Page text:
Monday, November 13, 2006



Among the humble homesteads of the prairie, there occasionally develops an exceptionally big or fancy house belonging to some particularly prosperous and outstanding citizen. There is none in Valier because the Conrad brother (two developed this area as partners) who was interested in such things ended up in Kalispell. The mansion he built there is maintained for tours and has been in movies. It’s probably worth seeing “Heaven’s Gate” just to see the house, which provided the setting for the cattlemen’s meeting. The daughter of that Conrad used to slip out onto the upstairs mezzanine (in the movie the space where Kristofferson plays billiards) so that she could watch her father’s Indian friends gathered in the half-light around the fireplace in the big hall. They told stories and in old age she remembered seeing their eyes gleam with firelight and memory.

The Kohrs’ ranch in Deer Lodge is another remarkable place, complete with the surrounding outbuildings and fields -- even a ghost who mysteriously rumples the beds. And the most fabulous of them all, in my opinion, is the “chateau” at Medora, North Dakota, a ranch house built by a French Marquis. It’s not as big, but FAR more elegant. Still, these exceptional places are kind of a problem. No one wants to disperse them and their sometimes quite precious contents, but what seems as first to be a valuable museum will, as time passes, be overwhelmed by ever more modern fabulous overreaching. Sometimes the mansions are in places where there simply isn’t the population density or traffic to support them with admissions. And yet the neighbors will fight to save them, feeling that it is a matter of reflected glory.

The following is from a brochure:

“The John and Alice Pickler home a prairie Victorian home featuring 20 rooms in three stories. Construction began in 1882 when Major Pickler, a Civil War veteran, built his claim shanty on his pre-emption... There was no architect for the constructiion of this prairie mansion, which was built in stages and completed by 1894.

“The first part of the house comprised the present dining room alcove (re: cozy corner) and part of the attached master bedroom... The kitchen and front parlor were added in 1883-84 with a secret room under the kitchen, separate from the rest of the basement. It is entered through a trap door in the kitchen closet...

“The library and music room on the south side of the main floor are part of a two-story hotel building moved from the ghost town of LaFoon in about 1890. When the railroad by-passed LaFoon, the county seat, in favor of Faulkton, most of the buildings “took wheels” and moved here. The library is the largest room in the house, 30 X 30, featuring a large arch and window ...a book alcove, a...stained glass window and fireplace....It contained one of the largest and finest libraries in the state at the turn of the century with more than 2,500 volumes still on the shelves.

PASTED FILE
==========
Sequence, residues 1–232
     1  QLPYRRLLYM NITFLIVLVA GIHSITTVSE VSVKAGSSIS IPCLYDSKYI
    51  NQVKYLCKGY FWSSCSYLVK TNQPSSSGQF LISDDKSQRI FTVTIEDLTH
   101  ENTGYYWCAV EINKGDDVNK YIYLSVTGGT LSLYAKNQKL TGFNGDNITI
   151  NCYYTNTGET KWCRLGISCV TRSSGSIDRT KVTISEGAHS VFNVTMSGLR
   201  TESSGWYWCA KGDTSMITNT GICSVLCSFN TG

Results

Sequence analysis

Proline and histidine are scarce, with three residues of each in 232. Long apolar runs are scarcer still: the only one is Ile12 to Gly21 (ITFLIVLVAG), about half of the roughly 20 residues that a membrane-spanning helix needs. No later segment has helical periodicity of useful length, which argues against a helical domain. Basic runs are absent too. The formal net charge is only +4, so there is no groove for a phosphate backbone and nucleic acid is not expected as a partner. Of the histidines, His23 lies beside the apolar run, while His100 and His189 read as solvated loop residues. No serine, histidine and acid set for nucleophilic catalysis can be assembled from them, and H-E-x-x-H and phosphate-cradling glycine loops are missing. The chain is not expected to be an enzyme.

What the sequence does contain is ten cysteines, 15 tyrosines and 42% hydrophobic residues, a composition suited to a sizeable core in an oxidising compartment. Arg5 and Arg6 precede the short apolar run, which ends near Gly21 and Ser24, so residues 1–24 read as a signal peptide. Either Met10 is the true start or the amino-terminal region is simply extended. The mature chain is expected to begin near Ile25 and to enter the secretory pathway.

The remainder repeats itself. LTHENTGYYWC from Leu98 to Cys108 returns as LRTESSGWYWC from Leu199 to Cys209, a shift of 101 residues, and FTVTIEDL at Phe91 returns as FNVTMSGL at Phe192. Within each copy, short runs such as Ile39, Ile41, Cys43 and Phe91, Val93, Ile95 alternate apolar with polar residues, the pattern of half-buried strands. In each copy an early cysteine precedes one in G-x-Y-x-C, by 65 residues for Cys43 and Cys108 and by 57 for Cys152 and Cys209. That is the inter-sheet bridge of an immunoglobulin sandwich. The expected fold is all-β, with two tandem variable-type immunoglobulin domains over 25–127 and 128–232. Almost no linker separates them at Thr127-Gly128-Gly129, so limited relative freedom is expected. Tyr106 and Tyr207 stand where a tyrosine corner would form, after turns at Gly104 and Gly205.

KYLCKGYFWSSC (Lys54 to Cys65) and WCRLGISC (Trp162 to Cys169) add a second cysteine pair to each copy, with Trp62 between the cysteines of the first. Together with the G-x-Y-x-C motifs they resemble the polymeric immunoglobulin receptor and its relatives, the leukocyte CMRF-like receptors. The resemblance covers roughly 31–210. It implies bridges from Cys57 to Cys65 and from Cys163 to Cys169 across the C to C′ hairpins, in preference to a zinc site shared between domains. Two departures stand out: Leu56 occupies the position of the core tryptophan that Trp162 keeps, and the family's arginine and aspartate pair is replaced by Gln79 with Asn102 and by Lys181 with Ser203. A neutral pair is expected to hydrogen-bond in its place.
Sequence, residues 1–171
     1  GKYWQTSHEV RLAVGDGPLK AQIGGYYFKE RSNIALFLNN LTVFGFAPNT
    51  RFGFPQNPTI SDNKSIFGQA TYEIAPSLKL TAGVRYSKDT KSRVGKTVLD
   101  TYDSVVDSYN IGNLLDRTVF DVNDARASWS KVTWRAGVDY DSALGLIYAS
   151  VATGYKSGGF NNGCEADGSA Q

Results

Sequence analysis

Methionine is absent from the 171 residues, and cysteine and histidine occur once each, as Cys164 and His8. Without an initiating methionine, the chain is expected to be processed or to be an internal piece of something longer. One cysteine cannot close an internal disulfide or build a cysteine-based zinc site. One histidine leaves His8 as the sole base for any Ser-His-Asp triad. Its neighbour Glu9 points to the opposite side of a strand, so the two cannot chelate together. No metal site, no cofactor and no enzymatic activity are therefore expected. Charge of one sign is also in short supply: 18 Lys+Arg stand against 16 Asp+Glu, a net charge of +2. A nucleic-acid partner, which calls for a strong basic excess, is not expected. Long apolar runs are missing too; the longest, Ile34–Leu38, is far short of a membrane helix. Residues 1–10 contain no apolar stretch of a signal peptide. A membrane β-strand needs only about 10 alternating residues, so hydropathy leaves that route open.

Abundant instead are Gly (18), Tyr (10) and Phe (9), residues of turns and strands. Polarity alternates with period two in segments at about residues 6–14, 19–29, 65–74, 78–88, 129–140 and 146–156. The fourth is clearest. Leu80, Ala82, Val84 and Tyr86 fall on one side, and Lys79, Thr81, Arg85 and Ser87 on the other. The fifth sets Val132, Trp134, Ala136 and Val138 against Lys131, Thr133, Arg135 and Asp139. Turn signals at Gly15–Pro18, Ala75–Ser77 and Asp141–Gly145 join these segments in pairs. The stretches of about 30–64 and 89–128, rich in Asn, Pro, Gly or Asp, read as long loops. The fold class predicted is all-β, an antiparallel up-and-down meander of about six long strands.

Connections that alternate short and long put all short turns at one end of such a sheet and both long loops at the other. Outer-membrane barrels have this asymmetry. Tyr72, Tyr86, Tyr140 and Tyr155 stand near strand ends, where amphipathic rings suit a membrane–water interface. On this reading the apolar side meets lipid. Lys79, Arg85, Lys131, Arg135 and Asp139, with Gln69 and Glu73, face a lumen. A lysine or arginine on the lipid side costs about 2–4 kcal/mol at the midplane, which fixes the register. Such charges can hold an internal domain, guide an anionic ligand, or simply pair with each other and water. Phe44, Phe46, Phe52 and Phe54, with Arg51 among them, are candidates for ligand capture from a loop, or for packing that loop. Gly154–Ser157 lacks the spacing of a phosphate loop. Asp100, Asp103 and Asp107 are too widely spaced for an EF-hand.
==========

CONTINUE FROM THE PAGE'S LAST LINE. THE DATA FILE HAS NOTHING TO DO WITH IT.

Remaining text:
“The most striking woodwork is in the music room. Pre-cut wood panels could not be purchased at the time so a carpenter, Archibald Mitchell Strachan, was hired to fashion the fir panels in the room and staircase. He lived with the family the winter of 1893-94 completing the project. [His pay was a team of horses.]

“When the house was completed, local artist Charles T. Greener selected a color in 1894 between a salmon and coral and it has remained this “pinkish” color and hence the sometimes name “The Pink Castle."

“A large lamp always hung in the tower of this home in the early days to guide the traveler to a place of shelter. The flag always flew from the tower, showing the family’s patriotic sentiments.”

John Alfred Pickler was a midwesterner who entered the Civil War at age 18, rose to the rank of Captain in the Third Iowa Cavalry and then was given command of the 138th Regiment of the United States Colored Infantry, and made a Major. He became a lawyer and then a Republican member of the US House of Representatives. He was a charter member of the Free and Accepted Masons and the Methodist Episcopalian church. His life might have made a better movie than "Heaven's Gate!"

The explanation the brochure suggests for the “secret basement” is Indian attacks and severe weather, but the Sioux of the area had been put on reservations since 1850, which was part of the reason this area could be homesteaded. I strongly suspect that given his command of the US Colored Infantry Regiment, the house may have been a stop on the Underground Railroad and the tower a beacon for them. I don’t know how long the need persisted after the Civil War. It could also have been a hiding place for something like liquor, but his wife was a force in the WCTU, as a good Methodist would be.

No Strachan except Archibald ever lived in this house, but because of his work there the family was quite imprinted with the place, particularly the library. Luckily, none of the family was ever inspired to paint their house pink.


Anonymous said...

When ones family is active in the WCTU, one must have a place to hide the booze! (I've been paying attention to the hypocracy that seems a part of human nature!) Pink was probably considered a "manly" color in those days.

About 10 years ago, along my route to work, a victorian "mini-mansion" was built. It was promptly painted pink. I suspected that the house was built as a gift to a beloved wife, but who knows? It sits behind an imposing amount of wrought-iron fencing.

It's hard to envision all of the work that must have gone into that hand paneling. Wow! It was truly valued if it meant a year's room/board plus a team of horses!
Cop Car

Anonymous said...

I wonder if the place could make it as a pricey bed and breakfast, if well advertised in the right places? (Just a wild idea.)